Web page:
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From Josh Elser <josh.el...@gmail.com>
Subject Re: is there any "trick" to save the state of an iterator?
Date Tue, 10 Jan 2017 02:37:32 GMT
And yet, Accumulo still doesn't have the API to safely do it.

See ACCUMULO-1280 if you'd like to contribute towards to those efforts for
the community.

On Jan 9, 2017 20:23, "Jeremy Kepner" <kepner@ll.mit.edu> wrote:

> It's done in D4M (d4m.mit.edu), you might look there.
> Dylan can explain (if necessary).
> Regards.  -Jeremy
>
> On Mon, Jan 09, 2017 at 07:30:03PM -0500, Josh Elser wrote:
> > Great. Glad I wasn't derailing things :)
> >
> > Unfortunately, I don't think this is a very well-documented area of the
> > code (it's quite advanced and would just confuse most users).
> >
> > I'll have to think about it some more and see if I can come up with
> > anything clever. I know there are some others subscribed to this list
> > who might be more clever than I am -- I'm sure they'll weigh in if they
> > have any suggestions.
> >
> > Finally, if you're interested in helping us put together some sort of
> > "advanced indexing" docs for the project, I'm sure we could find a few
> > people who would be happy to get something published on the Accumulo
> > website.
> >
> > Massimilian Mattetti wrote:
> > > Thank you for your answer John, you understood perfectly what my use
> > > case is.
> > >
> > > The possible solutions that you propose came to mind to me, too. This
> > > confirms to me that, unfortunately, there is no fancy way to overcome
> > > this problem.
> > >
> > > Is there any good documentation on different query planning for
> Accumulo
> > > that could help with my use case?
> > > Thanks.
> > >
> > > Regards,
> > > Max
> > >
> > >
> > >
> > >
> > > From: Josh Elser <josh.elser@gmail.com>
> > > To: user@accumulo.apache.org
> > > Date: 09/01/2017 21:55
> > > Subject: Re: is there any "trick" to save the state of an iterator?
> > > ------------------------------------------------------------
> ------------
> > >
> > >
> > >
> > > Hey Max,
> > >
> > > There is no provided mechanism to do this, and this is a problem with
> > > supporting "range queries". I'm hoping I'm understanding your use-case
> > > correctly; sorry in advance if I'm going off on a tangent.
> > >
> > > When performing the standard sort-merge join across some columns to
> > > implement intersections and unions, the un-sorted range of values you
> > > want to scan over (500k-600k) breaks the ordering of the docIds which
> > > you are trying to catch.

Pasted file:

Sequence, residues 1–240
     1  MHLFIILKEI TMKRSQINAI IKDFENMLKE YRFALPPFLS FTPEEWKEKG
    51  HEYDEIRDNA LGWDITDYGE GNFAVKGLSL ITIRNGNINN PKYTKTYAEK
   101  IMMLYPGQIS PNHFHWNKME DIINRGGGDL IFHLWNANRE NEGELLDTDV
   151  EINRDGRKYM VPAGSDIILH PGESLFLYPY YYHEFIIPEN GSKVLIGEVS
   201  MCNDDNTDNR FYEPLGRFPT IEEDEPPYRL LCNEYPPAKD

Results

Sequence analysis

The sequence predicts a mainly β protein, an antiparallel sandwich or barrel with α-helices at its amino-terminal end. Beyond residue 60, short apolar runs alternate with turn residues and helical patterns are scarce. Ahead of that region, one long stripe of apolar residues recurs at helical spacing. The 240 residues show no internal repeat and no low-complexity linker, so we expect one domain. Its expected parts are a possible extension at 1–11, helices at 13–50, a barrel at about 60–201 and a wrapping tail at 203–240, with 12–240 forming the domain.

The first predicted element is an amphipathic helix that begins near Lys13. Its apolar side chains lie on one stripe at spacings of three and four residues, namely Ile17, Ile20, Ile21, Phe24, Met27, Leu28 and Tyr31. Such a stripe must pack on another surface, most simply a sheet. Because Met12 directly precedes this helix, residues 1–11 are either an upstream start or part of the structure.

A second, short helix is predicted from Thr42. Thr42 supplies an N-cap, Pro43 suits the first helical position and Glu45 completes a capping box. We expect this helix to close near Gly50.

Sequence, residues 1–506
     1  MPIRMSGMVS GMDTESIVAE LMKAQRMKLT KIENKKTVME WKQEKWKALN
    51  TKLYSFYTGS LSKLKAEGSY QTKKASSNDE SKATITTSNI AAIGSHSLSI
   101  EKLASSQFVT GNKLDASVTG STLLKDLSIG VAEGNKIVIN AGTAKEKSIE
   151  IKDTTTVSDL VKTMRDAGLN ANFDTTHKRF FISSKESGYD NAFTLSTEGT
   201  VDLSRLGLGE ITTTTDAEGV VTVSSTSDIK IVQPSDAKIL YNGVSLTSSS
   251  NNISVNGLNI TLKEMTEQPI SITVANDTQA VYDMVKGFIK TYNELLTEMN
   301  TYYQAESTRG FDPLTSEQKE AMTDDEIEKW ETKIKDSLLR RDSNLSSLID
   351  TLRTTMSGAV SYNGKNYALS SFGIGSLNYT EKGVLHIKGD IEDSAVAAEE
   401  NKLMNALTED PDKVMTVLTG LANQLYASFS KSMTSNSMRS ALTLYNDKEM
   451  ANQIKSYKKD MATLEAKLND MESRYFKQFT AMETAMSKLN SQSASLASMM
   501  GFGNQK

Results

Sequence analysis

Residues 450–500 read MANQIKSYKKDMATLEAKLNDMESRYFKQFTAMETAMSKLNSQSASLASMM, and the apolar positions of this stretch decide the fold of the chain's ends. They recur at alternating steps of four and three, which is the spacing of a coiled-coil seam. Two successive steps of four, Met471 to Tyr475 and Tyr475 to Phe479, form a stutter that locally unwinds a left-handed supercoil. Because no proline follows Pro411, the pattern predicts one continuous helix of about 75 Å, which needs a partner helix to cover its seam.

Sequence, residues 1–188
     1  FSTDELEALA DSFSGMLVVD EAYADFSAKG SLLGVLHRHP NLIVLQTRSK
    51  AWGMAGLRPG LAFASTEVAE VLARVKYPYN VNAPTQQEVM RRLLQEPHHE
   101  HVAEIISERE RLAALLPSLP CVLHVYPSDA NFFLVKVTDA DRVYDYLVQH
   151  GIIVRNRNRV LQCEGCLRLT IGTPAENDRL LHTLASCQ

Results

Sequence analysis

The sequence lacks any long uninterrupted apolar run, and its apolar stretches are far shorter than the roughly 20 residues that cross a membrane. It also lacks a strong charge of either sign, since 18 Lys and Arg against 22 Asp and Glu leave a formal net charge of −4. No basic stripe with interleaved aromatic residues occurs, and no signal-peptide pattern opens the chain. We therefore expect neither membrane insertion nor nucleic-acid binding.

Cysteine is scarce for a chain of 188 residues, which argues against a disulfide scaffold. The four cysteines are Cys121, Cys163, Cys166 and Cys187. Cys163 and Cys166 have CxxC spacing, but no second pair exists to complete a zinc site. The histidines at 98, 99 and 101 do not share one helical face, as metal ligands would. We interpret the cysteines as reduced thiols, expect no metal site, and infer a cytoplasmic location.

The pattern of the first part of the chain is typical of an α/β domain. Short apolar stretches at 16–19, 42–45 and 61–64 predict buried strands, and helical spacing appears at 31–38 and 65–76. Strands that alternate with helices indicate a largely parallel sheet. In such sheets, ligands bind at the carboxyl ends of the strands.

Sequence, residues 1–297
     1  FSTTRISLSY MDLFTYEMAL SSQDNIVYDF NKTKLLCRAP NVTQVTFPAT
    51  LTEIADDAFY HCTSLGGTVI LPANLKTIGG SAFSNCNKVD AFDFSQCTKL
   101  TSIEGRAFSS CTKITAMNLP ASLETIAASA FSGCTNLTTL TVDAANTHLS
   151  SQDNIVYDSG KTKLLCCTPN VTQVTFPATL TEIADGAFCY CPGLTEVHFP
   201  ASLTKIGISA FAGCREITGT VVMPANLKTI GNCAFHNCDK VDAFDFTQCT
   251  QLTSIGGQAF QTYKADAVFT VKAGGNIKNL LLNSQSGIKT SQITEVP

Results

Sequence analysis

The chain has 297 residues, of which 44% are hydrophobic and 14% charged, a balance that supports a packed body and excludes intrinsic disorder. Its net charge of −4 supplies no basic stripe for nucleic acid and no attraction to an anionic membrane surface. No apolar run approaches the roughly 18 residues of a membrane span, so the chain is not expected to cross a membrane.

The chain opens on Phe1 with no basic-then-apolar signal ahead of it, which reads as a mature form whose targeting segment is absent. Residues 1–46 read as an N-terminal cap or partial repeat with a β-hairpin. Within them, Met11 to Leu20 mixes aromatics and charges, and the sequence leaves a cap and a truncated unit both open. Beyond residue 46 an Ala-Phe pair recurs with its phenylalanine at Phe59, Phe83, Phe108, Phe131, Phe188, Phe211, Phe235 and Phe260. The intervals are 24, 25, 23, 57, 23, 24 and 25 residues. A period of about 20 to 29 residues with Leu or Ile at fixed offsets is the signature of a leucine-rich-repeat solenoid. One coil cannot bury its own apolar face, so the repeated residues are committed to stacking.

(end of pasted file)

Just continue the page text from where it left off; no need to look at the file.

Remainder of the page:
> > >
> > > The trivial solution is to convert a range into a union of discrete
> > > values (500000 || 500001 || 500002 || ..) but you can see how this
> > > quickly falls apart. An inverted index could be used to enumerate the
> > > values that exist in the range.
> > >
> > > Another trivial solution would be to select all records matching the
> > > smaller condition, and then post-filter the other condition.
> > >
> > > There might be some more trickier query planning decisions you could
> > > also experiment with (I'd have to give it lots more thought). In short,
> > > I'd recommend against trying to solve the problem via saving state.
> > > Architecturally, this is just not something that Accumulo Iterators are
> > > designed to support at this time.
> > >
> > > - Josh
> > >
> > > Massimilian Mattetti wrote:
> > >  > Hi all,
> > >  >
> > >  > I am working with a Document-Partitioned Index table whose index
> > >  > sections are accessed using ranges over the indexed properties (e.g.
> > >  > property A ∈ [500,000 - 600,000], property B ∈ [0.1 - 0.4], etc.).
> The
> > >  > iterator that handles this table works by: 1st - calculating (doing
> > >  > intersection and union on different properties) all the result from
> the
> > >  > index section of a single bin; 2nd - using the ids retrieved from
> the
> > >  > index, it goes over the data section of the specific bin.
> > >  > This iterator has proved to have significant performance penalty
> > >  > whenever the amount of data retrieved from the index is orders of
> > >  > magnitude bigger than the table_scan_max_memory i.e. the iterator is
> > >  > teardown tens of times for each bin. Since there is no explicit way
> to
> > >  > save the state of an iterator, is there any other mechanism/approach
> > >  > that I could use/follow in order to avoid to re-calculate the index
> > >  > result set after each teardown?
> > >  > Thanks.
> > >  >
> > >  >
> > >  > Regards,
> > >  > Max
> > >  >
> > > .
> > >
> > >
> > >
> > >
>

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